Private Limited Company (LTD):
- Statutory fund - the standard amount is 100 euros, and it is not necessary to pay it.
- Only registered shares are allowed, which are not subject to free alienation.
- An LTD must have at least one director, and only individuals, residents of the EU can be directors (legal entities are not appointed to this position). If two or more managers are appointed, one must be an EU resident (nominal), the rest are real leaders.
- There must be at least one shareholder (individuals/legal entities), and their residency does not matter.
- The secretary in LTD is responsible for the register of shareholders of the company, his position is obligatory, and in any case it must be a resident of the republic.
- The legal address of an open company must be within the state.
- Information about directors and shareholders is kept in the public domain.
- Companies must maintain a register of beneficiaries and store it at the place of registration, without making it publicly available.
- LTD submits annual statistical and financial reports. The first statistical reporting is provided 6 months after the registration of the enterprise. Also, within 9 months after the end of the tax period (in Ireland it is 12 months), companies are required to file a tax return.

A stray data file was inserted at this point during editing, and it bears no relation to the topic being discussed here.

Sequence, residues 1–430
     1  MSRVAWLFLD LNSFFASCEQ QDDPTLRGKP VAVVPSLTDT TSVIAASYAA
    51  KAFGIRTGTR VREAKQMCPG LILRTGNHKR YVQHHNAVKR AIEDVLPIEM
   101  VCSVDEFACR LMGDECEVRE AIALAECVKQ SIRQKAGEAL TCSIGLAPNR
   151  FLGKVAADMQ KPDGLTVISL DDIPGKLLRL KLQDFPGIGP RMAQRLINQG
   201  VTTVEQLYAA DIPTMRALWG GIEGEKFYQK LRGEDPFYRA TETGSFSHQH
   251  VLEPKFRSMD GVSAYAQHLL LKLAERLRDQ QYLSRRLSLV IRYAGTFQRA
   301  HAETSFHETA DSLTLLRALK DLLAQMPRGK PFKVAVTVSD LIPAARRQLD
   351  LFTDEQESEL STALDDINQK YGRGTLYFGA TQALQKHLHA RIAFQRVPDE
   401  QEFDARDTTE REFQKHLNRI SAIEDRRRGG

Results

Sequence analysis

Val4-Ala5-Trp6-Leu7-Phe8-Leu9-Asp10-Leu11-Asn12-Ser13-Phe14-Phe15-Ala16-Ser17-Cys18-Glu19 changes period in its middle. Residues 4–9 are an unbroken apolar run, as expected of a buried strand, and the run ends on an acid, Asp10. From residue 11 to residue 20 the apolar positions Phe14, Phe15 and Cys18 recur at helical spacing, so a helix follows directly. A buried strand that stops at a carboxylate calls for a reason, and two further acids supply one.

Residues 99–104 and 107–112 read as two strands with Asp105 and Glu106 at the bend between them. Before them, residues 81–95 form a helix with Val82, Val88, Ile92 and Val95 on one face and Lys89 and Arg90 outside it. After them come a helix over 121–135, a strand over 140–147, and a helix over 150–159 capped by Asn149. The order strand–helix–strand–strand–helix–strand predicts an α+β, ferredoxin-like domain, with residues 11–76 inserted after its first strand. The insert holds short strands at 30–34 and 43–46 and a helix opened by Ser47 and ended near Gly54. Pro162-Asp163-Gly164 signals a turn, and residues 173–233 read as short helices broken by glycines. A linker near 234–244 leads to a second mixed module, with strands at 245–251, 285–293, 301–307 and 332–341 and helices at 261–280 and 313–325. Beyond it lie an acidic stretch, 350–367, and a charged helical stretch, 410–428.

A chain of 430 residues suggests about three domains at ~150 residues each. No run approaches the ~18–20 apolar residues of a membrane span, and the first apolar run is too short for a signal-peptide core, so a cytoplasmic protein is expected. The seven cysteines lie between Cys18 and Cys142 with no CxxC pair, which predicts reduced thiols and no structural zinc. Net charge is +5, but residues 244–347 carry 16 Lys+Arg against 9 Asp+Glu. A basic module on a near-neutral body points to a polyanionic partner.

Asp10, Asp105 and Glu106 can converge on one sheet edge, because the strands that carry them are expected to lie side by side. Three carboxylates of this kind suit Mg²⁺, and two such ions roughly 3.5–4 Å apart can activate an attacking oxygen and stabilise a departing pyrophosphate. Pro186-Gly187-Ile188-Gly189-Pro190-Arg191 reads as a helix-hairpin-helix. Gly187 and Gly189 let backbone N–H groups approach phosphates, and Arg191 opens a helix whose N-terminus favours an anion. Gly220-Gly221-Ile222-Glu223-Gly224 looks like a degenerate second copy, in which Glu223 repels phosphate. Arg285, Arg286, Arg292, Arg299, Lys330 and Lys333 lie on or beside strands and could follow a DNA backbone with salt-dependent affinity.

- Firms submit VAT returns quarterly.
Limited Liability Partnership (LP):
- There is no starting authorized fund in LP.
- Founders - at least two individuals or legal entities of any residency who act as partners. At least one general partner and one limited partner shall be appointed. The general partner is liable for the obligations of the company in full, and the partner with limited liability - only in proportion to his share in the LP. To simplify registration, we recommend appointing an individual as one partner, and a legal entity as the second.
- The functions of the director are usually performed by the general partner.
- An LP is established by signing a partnership agreement (it must be registered with the Companies Registry of Ireland).
- Secretary position is not required.
- All Irish partnerships are required to have a registered office in the Republic of Ireland.
- Partnerships are exempt from annual financial reporting and auditing. If the business is not conducted in Ireland and the partners are outside the state, a zero tax return must be submitted.
- Non-Resident Partners are not eligible for an Irish tax resident certificate. They are also not subject to double tax treaties.
- The LP tax number is not automatically issued, it must be requested additionally. Term of receipt - about a month after receipt by the state authorities of the relevant request
Taxation in Ireland